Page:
Let's take "Johnnie Walker. Keep Walking." Very obviously, the idea came from the brand name. Probably most of the psychology around it has been made up in retrospective. But that doesn't matter on the level of Truth. (It really doesn't matter if Truth has been discovered in a "proper" linear-chronological, methodical way or accidentally or even in retrospective. Actually, it always happens accidentally, but that's another story.)   Back to "Keep Walking". It's an expression of an attractive psychological proposition: probably it's something like Personal Development or Life Success, maybe even Societal Development or Human Progress. Well if every person would develop herself to the max there wouldn't be any value in personal development. If all societies got better anyway there again wouldn't be any value in referring to it. So the value of "Keep Walking" lies in the scarcity of progress - thus in Human Inertia! 
Ha! I like it. So maybe we don't exactly need a Big Problem to arrive at a Big Idea but the presence of a Big Problem reassures us that our Idea actually is Big.

Ok, where does the value in "Cats with Character" come from? You see, this is the trickiest one! And again - it doesn't matter how those ad guys actually arrived at that idea - probably by having an Old-Fashioned at the bar. The question is rather - where does the power of the idea reside? My feeling is - and this might sound weird - that the true power of the "Cats with Character" idea lies in the opposition to dogs. Character is what dogs lack if you ask cat lovers. The value of having a cat and not a dog lies in the cat's independence and weirdness. 
On the other hand you actually do not need the opposition to dogs to get to that notion. You could really get there in a very straight way: "What do you like about cats?" or "What kind of love relation is there between you and your cat?". But my point is not how you get there but what makes a notion a real issue, a really significant notion. And the issue here is: I'm a cat lover. Cat lovers nurture character not devotedness - as dog lovers do. And here you have your tension. The tricky thing is: the tension seems to be outside the category, somewhere you wouldn't have thought of. Who thinks of dogs when he works on a cat account? Well I do now. I try to look for oppositions - even if there are no obvious oppositions involved. Oppositions constitute meaning. Cats vs dogs? Old cats vs young cats? Cat vs cat owner? Having cats vs having children? It's less a motivational tension, it's more of a tension in terms of "meaning". (Also read my older post about "meaning" as something to be found between two poles here.)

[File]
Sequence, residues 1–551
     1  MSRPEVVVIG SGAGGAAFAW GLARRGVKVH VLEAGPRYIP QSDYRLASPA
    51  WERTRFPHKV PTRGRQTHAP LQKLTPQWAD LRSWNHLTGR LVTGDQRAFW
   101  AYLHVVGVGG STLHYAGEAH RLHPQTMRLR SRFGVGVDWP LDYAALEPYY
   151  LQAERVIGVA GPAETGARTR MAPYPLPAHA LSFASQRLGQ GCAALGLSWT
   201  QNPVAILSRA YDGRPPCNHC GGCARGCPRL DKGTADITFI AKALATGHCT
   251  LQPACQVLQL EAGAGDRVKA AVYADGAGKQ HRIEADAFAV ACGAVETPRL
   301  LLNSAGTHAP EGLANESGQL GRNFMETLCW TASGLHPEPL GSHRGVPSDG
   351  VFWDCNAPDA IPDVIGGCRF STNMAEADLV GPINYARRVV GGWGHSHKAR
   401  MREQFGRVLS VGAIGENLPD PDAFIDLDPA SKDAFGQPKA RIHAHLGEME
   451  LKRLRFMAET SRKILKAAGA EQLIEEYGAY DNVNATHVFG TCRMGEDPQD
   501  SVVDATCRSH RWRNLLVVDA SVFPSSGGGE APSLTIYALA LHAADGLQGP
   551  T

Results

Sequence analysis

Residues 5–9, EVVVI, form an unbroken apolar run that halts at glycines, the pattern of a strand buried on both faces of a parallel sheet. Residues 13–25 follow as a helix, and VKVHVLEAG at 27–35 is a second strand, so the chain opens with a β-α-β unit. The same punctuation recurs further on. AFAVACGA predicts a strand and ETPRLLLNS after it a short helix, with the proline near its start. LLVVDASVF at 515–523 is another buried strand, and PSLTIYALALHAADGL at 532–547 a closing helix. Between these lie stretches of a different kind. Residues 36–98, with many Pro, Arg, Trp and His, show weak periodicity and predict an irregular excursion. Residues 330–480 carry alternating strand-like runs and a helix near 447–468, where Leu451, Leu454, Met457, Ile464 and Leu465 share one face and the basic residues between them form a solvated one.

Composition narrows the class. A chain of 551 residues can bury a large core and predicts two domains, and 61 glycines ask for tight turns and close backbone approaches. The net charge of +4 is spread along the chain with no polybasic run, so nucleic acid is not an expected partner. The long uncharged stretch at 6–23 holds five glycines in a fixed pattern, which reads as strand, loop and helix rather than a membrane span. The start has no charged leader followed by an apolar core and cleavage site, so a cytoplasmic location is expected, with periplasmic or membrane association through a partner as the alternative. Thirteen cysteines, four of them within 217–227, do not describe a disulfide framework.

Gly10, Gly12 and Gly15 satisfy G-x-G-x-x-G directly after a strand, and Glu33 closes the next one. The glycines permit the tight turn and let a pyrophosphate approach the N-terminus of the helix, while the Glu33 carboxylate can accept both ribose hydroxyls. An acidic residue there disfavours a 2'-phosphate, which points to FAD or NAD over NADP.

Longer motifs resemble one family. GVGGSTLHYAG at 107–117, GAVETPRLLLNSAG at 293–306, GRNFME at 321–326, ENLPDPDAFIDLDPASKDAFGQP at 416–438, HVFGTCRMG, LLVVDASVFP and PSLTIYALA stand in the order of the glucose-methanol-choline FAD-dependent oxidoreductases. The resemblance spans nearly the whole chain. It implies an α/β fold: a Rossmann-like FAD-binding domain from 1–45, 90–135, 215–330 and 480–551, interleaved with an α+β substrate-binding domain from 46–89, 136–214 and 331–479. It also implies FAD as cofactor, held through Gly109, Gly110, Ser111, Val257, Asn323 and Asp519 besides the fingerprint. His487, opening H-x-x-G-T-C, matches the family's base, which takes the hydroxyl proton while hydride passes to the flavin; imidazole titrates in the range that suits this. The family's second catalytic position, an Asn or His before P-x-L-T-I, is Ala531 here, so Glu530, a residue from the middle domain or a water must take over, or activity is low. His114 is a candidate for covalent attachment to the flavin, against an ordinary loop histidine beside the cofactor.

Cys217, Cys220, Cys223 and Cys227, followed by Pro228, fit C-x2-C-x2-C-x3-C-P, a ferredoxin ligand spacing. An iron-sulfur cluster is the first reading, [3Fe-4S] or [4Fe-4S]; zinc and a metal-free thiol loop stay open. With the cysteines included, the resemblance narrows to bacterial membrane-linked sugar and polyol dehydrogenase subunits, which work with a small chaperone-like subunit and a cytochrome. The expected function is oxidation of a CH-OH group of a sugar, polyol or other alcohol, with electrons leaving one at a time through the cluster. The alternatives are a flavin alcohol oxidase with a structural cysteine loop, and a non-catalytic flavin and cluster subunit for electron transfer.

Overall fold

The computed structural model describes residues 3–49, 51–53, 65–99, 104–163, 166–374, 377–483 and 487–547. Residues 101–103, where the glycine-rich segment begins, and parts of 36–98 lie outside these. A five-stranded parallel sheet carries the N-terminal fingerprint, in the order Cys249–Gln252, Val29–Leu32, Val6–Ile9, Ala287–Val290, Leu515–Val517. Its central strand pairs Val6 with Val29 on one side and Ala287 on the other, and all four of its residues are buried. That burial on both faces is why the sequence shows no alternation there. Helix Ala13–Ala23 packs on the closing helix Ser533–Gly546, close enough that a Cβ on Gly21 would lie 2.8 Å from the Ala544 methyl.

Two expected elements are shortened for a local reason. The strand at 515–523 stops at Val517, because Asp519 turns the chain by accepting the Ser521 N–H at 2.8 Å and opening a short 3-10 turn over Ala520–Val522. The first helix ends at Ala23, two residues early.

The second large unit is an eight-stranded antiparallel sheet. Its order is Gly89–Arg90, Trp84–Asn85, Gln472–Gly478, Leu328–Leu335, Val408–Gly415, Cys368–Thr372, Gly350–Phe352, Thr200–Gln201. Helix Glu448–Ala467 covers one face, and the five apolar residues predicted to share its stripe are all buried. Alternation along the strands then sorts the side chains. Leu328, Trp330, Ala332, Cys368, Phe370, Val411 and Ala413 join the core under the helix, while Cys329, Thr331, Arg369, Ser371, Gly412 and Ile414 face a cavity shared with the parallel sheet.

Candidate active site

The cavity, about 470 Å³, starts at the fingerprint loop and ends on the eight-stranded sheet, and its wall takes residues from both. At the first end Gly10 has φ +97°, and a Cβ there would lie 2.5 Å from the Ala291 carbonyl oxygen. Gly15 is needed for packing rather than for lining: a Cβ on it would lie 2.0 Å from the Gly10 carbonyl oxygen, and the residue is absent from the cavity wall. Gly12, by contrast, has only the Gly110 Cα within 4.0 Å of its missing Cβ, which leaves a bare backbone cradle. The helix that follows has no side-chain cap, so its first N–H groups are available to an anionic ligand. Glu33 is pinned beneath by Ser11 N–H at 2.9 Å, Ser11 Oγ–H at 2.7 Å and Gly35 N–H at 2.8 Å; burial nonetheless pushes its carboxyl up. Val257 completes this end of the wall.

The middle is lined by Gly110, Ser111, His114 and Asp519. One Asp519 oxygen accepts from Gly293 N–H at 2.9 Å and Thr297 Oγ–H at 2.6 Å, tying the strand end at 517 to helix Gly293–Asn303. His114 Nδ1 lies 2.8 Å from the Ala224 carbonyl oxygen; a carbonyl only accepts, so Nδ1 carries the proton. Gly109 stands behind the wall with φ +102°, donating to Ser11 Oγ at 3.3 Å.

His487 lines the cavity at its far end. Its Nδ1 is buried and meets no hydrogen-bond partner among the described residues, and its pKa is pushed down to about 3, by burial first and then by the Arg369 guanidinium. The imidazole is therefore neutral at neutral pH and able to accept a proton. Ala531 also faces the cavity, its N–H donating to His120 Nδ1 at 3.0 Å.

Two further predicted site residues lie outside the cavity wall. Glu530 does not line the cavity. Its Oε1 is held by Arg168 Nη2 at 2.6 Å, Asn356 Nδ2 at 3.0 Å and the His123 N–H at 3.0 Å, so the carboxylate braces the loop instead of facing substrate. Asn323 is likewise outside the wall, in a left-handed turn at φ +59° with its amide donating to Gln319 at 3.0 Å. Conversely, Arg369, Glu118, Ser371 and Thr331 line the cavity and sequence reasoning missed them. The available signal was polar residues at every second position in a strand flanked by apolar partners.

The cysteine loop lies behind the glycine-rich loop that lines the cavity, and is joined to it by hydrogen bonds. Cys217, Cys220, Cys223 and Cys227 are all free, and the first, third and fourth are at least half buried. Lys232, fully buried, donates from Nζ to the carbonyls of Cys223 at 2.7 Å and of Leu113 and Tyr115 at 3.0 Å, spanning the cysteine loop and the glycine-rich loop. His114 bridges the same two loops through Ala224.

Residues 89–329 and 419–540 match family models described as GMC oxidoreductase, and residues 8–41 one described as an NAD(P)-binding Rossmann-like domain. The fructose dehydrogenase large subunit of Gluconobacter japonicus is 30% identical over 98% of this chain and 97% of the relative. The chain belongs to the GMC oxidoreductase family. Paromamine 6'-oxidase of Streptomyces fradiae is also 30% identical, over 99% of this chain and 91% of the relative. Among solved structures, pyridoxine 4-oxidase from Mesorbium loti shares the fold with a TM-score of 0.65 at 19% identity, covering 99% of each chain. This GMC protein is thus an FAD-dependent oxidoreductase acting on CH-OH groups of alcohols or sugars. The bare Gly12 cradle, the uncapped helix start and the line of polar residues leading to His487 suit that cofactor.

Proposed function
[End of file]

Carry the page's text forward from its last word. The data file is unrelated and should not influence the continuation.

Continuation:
Let's try to apply this oppositional thinking to Johnnie Walker. You could start of by asking yourself: What's the difference between Whisky and Vodka. One of the answers will be: maturity issues. Maturity of the product and maturity of the drinker. Well, that's already quite close to Personal Development or Life Success, isn't it? Fascinating stuff.

The main question remains: Does all this help us planners? I actually believe that almost none of those ideas has actually been derived or discussed that way. They have not been discussing Human Inertia before the idea of "Keep Walking" was there, have they. Once it was there - they might have. Though probably not - managers tend to be allergic to negative formulations. Most people are. 

Well you see - I don't care if they had talked about it. Their brains had processed it that way anyhow. "Tension = interesting. No Tension = less interesting." It doesn't matter if others use these patterns explicitly - maybe you could. So, keep it secret and practice a bit. 

Tension here: if it doesn't work I shouldn't tell anyone about it. If it works... maybe I shouldn't tell anybody?

Also read this text here about problems as primary objects of good planning by Martin Weigl.